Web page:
Thursday, December 15, 2011: Dr. Daniel Auld is currently the Deputy Director of the McGill University and Genome Quebec Innovation Centre. After completing a BA in Psychology from York University in Toronto, he recieved his PhD from McGill's Department of Neurology and Neurosurgery in 2001 before completing two postdoctoral fellowships: the first with Dr. Richard Robitaille in the Department of Physiology at University of Montreal, and the second with Dr. Phil Barker at the MNI studying p75, lingo and other protein interactions. In 2004, he joined Painceptor Pharma Corp. as an NGF biochemist/pharmacologist and quickly assumed the role of Group Leader for their NGF drug discovery program. Wanting to explore the business side of research, in 2007 he joined Allied Research International (later Cetero Research, a US based contract research organization) as Associate Director of Business Development. In 2009,he assumed leadership of the Phase 2-4 business development team as Senior Director responsible for approximately $30M worth of research contracts per year; he was also Senior Scientific Liaison, helping Pharma, Biotech and Device clients design clinical studies. After realizing that clinical research was more about organization than creativity, and that he no longer enjoyed the pure business side of things, he is now very happy to be back at McGill.
Wednesday, November 9, 2011: Dr. Nicolas Cermakian is an Associate Professor in the Department of Psychiatry at McGill University and a Researcher at the Douglas Institute. He is also the Director of the Laboratory of Molecular Chronobiology, which uses a combination of molecular, behavioural and immunological techniques to study the molecular mechanisms involved in mammalian circadian clocks as well as the circadian control of physiological processes by the circadian system, in rodents and humans.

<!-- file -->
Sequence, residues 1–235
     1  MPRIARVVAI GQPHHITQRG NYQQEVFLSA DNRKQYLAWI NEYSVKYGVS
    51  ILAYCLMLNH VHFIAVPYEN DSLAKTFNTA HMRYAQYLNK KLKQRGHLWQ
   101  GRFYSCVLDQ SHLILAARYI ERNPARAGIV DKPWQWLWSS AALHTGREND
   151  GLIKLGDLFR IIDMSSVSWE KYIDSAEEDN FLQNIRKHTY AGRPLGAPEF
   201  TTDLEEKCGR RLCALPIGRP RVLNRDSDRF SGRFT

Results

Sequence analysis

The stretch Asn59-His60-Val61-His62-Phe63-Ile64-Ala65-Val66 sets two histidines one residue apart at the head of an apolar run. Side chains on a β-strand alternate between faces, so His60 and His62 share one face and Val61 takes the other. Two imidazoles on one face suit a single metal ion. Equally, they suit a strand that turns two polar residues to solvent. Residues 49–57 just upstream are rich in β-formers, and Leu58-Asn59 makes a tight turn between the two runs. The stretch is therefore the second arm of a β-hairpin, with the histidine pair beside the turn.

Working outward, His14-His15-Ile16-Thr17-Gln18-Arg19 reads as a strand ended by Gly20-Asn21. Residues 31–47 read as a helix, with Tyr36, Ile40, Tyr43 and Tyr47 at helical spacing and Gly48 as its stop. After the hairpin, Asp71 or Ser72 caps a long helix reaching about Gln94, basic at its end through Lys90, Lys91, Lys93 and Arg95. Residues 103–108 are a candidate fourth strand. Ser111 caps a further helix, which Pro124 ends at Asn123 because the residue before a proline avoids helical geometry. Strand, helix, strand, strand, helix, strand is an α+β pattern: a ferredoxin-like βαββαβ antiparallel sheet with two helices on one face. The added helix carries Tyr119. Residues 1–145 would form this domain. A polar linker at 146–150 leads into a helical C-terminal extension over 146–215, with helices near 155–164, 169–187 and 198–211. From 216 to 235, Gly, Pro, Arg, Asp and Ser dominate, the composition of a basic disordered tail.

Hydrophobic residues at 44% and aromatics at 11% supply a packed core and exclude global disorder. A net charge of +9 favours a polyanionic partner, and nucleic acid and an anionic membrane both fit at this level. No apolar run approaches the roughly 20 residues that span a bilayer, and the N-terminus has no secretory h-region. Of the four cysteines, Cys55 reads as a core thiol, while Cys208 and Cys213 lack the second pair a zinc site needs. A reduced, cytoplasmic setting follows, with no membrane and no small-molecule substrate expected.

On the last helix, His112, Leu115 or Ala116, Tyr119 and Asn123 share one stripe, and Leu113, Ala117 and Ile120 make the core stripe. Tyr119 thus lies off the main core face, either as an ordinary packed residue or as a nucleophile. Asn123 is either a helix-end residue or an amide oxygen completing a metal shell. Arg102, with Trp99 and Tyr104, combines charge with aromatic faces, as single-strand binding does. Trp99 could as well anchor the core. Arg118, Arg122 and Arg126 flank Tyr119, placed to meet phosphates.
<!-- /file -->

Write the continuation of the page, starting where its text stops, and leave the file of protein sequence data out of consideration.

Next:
Poster: November 9th, 2011 Pathways_and_Connections_Poster_-_Nicolas_Cermakian.pdf
Wednesday, October 12, 2011: Dr. David Ragsdale is an Associate Professor in the Department of Neurology and Neurosurgery at the Montreal Neurological Institute. He is also Chair of Basis of Medicine (Unit 1), Associate Director of the McGill Integrated Program in Neuroscience, and a member of the Faculty Development Team. Dr. Ragsdale's research investigates ion channels, the proteins responsible for the electrical properties of nerve and muscle cells as well as the relationship between basic cellular processes in the nervous system and complex phenomena like consciousness and volition. He is also strongly interested in the development of educational programs in neurology.